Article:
Law Office of David Miklas, P.A.

Labor & Employment law - Employers only

An employer operates a call center that provides customer service and scheduling for an appliance recycling business. Employees work in-person at the call center in a variety of hourly-paid, non-exempt positions, including as call center agents whose primary responsibilities are to provide customer service and scheduling functions for customers over the phone.

Before employees are able to access job-relevant computer programs, they must awaken or turn on their computers, log in using a username and password, and open up the timekeeping system. Depending on the age of the computer and whether the computer was off or in sleep mode, it would take anywhere from 1-20 minutes for the computer to boot-up so they could clock in, with an average boot up time is between 7 to 12 minutes.

Once clocked in, employees load various programs and scripts and confirm that their phone is connected and ready to accept calls. Employees use a phone program that operates through employees’ computers rather than through a physical phone.

Employees sued the employer alleging violations of the overtime provisions of the Fair Labor Standards Act (“FLSA”). They contend that they were not paid for the time spent booting up their computers prior to clocking in to the electronic timekeeping system or closing down their computers after clocking out of the timekeeping program.

The district court granted summary judgment to the employer, but the employees appealed and the 9th Circuit Court of Appeals was presented with the following issue: Whether the employees’ time spent booting up and shutting down their computers, through which they access their phone and customer service programs, is an integral and indispensable part of their duties and thus compensable under the FLSA.

The Appellate Court panel reversed the district court’s summary judgment and remanded the case. Cadena v. Customer Connexx LLC, 2022 U.S. App. LEXIS 29511 (9th Cir. Oct. 24, 2022).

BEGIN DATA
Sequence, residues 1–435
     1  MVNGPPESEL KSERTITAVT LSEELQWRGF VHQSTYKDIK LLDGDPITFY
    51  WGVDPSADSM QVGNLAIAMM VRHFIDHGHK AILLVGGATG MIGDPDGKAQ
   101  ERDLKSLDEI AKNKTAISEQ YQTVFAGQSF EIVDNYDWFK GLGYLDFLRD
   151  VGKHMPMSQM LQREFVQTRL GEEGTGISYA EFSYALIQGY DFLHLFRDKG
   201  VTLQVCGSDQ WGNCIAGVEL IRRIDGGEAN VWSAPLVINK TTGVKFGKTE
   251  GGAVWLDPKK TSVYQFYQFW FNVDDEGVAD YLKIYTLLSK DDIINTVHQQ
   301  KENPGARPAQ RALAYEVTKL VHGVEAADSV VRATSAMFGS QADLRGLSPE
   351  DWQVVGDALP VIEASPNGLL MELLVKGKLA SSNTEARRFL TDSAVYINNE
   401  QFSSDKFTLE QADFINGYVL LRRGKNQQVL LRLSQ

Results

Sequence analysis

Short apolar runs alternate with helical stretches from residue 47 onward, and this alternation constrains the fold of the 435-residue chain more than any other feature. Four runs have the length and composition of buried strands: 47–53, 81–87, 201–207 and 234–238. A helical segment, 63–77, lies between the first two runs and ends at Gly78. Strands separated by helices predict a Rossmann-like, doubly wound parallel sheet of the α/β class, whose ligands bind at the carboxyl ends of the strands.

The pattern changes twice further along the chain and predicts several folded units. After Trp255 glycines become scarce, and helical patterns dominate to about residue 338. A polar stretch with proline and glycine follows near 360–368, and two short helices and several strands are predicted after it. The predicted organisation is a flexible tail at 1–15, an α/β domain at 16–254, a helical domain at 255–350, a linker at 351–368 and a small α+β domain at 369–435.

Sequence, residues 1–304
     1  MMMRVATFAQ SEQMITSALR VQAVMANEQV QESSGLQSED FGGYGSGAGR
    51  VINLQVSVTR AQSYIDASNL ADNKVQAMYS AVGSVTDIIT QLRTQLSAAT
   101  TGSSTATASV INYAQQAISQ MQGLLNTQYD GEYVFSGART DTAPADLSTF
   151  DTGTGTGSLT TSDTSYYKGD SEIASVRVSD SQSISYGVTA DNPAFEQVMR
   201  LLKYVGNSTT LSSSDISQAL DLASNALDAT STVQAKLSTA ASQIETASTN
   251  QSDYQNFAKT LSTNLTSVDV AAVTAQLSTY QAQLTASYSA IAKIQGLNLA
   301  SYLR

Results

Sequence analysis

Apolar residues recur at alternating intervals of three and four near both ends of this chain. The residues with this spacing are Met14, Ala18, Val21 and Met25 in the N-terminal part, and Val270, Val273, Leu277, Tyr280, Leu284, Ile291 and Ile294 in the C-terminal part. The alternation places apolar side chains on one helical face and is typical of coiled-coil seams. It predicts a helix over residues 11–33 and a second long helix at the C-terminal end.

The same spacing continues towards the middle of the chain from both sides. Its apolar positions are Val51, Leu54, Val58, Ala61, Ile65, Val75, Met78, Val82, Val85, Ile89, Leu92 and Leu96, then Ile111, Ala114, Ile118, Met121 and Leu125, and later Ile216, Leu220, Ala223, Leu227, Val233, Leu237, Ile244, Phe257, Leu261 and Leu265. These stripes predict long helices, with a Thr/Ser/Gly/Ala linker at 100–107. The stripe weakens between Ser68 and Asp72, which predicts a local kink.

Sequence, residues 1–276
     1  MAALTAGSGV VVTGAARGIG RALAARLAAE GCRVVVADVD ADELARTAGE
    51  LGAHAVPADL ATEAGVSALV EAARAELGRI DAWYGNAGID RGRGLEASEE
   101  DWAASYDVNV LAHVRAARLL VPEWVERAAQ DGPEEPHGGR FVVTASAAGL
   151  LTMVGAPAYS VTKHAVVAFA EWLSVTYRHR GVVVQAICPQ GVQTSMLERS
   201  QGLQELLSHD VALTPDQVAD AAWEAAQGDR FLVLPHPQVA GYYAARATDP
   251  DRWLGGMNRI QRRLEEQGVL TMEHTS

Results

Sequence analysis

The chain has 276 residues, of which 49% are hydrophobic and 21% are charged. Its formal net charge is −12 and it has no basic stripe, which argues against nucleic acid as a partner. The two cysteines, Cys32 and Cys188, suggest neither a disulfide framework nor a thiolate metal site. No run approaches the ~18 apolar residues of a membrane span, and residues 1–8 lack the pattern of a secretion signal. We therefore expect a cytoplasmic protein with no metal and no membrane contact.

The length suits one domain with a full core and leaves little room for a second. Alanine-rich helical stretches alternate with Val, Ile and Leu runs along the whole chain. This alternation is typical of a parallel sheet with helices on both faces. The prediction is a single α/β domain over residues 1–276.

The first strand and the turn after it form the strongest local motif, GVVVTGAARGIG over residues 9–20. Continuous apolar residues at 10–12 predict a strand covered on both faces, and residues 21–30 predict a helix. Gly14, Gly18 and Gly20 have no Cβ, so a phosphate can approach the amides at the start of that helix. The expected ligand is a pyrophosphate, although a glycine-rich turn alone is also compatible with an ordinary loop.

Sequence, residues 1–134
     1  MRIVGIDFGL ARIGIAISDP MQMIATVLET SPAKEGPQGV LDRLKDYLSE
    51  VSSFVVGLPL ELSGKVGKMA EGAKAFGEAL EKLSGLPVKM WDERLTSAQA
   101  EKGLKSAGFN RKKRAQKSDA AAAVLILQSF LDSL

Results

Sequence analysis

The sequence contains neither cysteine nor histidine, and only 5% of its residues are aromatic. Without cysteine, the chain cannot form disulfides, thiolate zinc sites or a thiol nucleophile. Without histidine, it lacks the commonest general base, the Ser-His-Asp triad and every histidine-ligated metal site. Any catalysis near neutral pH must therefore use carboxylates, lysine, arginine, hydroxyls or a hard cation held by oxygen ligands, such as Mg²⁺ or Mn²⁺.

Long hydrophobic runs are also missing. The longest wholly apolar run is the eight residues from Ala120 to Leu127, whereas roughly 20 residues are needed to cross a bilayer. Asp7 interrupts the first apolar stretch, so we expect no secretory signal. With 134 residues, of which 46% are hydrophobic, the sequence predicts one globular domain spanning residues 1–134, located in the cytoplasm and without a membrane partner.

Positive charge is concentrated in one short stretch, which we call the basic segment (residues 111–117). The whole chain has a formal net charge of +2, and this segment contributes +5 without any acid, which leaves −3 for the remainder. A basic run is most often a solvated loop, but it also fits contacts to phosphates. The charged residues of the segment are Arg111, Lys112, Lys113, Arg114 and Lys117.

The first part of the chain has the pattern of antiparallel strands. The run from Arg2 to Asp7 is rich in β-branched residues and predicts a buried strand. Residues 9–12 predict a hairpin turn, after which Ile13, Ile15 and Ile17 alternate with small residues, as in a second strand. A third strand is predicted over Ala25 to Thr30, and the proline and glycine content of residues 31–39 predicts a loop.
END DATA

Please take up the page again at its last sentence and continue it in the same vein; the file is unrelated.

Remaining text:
The Appellate Court explained that the correct inquiry is whether engaging the computer, which contains the phone program, scripts, customer information, and email programs, is integral to the employees’ duties. All of the employees’ principal duties require the use of a functional computer, so turning on or waking up their computers at the beginning of their shifts is integral and indispensable to their principal activities. Because clocking in to the timekeeping program occurs after booting up the computer—the first principal activity of the day—it is compensable.

Although this is not an Eleventh Circuit opinion (which would be controlling in Florida), Florida federal Courts will likely look at this decision carefully because there are few opinions on this issue nation-wide.  Also, this Ninth Circuit decision is consistent with a 2021 decision from the  Tenth Circuit in Peterson v. Nelnet Diversified Solutions, LLC, 15 F. 4th 1033 (10th Cir. 2021).   

Although both of these holdings arose in a call center environment, many other Florida businesses also rely on computers as a tool to perform their jobs.  Many employers have timekeeping systems on the computers.  If these businesses fail to pay for the computer boot up time before the employee clocks in, it can be risky.  The take-home message is that if your business requires employees to boot-up computers in order to do their job, then that time waiting for the computers to boot-up must be paid to the hourly workers.

So, if your employees cannot perform their principal duties while their system is offline, that time spent waiting is compensable time.  If you use old computers, maybe now would be a great time to update to Solid State Drives (SSD) which boot up very fast.  Keep in mind that this issue is not limited to just small offices with desktop computers hard-wired to each other in a network.  So, if you use the “cloud” to store files or use software that is offsite and there is a problem accessing it (even if Wi-Fi is down) then the time the employees spend waiting probably must be paid time.

If you need any assistance in handling wage and hour issues concerning your Florida business or if you need guidance in any employment policies, please promptly email the Law Office of David Miklas, P.A. or call us at 1-772-465-5111.

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Hourly employee using computer? Does a Florida business have to pay for that time?